Through my career coaching work along the way I discovered why such smart people are so unhappy in their careers. Without the know-how to make well-informed choices, many say they had never chosen their career but had haphazardly fallen into it. Having a well-suited career seemed like an unattainable fantasy to most of the people I help; common rules of thumb guiding career choices are “It’ll work out later” and “I wanted my parents to be proud.” Others say they did the “practical thing,” they were looking for a sure bet. I can relate to these well trodden attitudes and beliefs about what a career success is supposed to look like, I got started on that same road.
As a career coach for 20 years, I’ve been researching why career choices are so difficult to make. Today, studies find that workplace engagement has gotten worse. Only 13% of people worldwide really like their work. We like to blame management for terrible practices but this is only half the story. The other half is on us. When we are mismatched with our work we’re like a cat stuck up a tree. Although the cat can hang on it’ll never thrive as well as the naturally talented tree acrobat, the squirrel. Today’s workplaces are full of cats that don’t know they’re cats. They think they are squirrels because they have advanced degrees in tree climbing. Deep down, many tell me they feel like their pretending and are afraid of being “found out.” This unnamed “career mismatch problem” inspired me and it became a life’s work to tackle it.
To find a solution to this problem I have studied and integrated the fields of human behavior, evolutionary psychology, sociobiology, neuroscience, neuroeconomics, behavioral economics, and the social sciences to develop ways to effectively help people understand what they are—by nature, and how to make better long-term career and life choices.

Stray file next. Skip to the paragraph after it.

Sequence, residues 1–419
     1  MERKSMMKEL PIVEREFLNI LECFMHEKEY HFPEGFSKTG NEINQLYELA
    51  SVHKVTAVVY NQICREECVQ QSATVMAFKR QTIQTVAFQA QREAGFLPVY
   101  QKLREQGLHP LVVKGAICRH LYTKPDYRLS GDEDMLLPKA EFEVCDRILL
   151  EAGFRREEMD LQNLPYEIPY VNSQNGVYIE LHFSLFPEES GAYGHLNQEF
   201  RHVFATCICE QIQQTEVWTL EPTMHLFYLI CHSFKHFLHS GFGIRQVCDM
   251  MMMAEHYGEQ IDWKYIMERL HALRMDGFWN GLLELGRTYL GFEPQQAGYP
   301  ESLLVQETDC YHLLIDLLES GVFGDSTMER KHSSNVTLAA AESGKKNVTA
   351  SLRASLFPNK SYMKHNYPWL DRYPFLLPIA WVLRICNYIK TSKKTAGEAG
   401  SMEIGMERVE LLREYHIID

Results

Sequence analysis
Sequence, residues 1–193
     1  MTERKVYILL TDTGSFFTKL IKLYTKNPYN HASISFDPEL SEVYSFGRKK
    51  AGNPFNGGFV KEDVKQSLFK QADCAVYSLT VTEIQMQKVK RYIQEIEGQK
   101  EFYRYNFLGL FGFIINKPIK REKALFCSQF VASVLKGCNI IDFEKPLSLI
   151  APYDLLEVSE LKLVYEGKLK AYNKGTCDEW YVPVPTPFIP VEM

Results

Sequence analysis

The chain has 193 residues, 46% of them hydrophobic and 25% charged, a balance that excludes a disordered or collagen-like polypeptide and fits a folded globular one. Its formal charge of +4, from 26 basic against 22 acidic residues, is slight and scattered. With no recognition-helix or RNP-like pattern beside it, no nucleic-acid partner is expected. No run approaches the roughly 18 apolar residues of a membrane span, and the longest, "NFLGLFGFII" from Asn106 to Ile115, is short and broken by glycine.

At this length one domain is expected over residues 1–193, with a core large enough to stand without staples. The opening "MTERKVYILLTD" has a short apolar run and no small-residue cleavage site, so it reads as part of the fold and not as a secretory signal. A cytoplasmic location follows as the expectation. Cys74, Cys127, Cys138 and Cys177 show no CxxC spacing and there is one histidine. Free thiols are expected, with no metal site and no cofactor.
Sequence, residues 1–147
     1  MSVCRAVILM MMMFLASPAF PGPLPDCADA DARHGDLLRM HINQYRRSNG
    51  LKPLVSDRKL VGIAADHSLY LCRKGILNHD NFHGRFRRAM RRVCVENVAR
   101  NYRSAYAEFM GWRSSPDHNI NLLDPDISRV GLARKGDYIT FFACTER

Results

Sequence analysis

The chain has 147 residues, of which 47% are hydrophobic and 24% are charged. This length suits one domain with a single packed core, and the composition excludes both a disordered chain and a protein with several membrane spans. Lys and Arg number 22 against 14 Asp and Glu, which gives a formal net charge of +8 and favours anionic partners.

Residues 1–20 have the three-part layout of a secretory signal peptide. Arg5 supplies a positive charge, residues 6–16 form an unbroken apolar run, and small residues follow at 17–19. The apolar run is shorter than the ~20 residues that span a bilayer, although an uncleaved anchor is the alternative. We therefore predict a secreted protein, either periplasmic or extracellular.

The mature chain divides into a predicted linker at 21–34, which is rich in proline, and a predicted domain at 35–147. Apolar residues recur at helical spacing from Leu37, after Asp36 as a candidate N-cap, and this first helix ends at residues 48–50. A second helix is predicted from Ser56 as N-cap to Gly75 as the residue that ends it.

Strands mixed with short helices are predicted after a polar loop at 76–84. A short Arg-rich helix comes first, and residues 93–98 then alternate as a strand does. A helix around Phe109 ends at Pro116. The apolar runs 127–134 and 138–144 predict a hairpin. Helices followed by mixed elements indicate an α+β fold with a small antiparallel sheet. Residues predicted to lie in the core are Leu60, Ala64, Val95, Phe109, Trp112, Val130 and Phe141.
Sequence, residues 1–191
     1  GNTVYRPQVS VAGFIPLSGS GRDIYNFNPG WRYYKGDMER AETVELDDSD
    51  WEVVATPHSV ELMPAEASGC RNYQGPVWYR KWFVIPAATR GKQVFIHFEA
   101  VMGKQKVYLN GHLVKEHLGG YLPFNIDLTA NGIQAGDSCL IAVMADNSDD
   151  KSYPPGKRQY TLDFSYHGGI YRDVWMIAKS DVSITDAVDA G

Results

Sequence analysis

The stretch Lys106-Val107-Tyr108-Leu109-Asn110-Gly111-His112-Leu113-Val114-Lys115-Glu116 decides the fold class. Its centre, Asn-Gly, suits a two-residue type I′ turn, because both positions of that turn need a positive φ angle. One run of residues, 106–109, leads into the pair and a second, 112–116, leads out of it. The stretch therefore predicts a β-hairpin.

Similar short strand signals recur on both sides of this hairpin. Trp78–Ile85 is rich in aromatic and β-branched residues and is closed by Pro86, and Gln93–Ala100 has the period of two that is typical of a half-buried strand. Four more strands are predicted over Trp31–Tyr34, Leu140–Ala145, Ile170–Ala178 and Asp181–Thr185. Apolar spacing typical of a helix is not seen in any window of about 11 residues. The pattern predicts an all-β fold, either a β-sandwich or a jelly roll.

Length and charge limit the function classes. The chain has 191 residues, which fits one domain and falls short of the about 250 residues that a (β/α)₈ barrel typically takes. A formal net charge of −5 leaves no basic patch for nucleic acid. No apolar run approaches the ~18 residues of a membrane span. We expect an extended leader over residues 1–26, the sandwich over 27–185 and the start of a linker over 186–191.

My objective of fostering people’s untapped innate potential was completely realized with the mentorship of Nick Lore, best-selling career choice author, career coaching guru, and pioneer of the career coaching field. He was really the first guy to invent the idea that you can custom “design” your career back in the early 80s, way before its time. In 2005, Nick invited me to cowrite his second book, Now What?, where I brought my systems engineering background to further develop the career design process. I also served as a consultant on both editions of his first book, The Pathfinder.
Other really cool mentors and teachers who have influenced my life’s work include Rob Creekmore, organizational psychology guru at Mitre; Tara Brach, psychologist and author of Radical Acceptance; Jerry Harvey, professor of organizational behavior at George Washington University and author of The Abilene Paradox; and Rosie, Chesapeake Bay Retriever, master swimmer and zen dog.
Today, Alexandria, VA-based Pathfinders is rated by colleagues as one of the best career coaching firms in the Washington, DC area. I coach clients from all over the world to design and choose a career they’ll excel in. I conduct research, consult and write career advice articles, and I am the coauthor of Now What?, a young person’s career choice guide.
Anthony A. Spadafore
» Contact: Career Coach, Washington DC area
Pathfinders is an established independent associate of Rockport Institute, a small team of pioneers committed to developing world-class career choice technology.by